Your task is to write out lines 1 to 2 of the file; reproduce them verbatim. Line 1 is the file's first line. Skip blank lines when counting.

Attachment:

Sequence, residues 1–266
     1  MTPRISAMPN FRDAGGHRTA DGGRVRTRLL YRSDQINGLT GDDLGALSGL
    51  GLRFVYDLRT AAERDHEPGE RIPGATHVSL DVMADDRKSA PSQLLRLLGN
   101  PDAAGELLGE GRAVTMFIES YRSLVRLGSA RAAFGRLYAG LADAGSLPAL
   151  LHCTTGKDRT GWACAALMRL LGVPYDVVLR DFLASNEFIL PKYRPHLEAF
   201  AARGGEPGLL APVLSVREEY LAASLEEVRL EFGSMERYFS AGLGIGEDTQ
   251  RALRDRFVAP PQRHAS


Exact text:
Sequence, residues 1–266
     1  MTPRISAMPN FRDAGGHRTA DGGRVRTRLL YRSDQINGLT GDDLGALSGL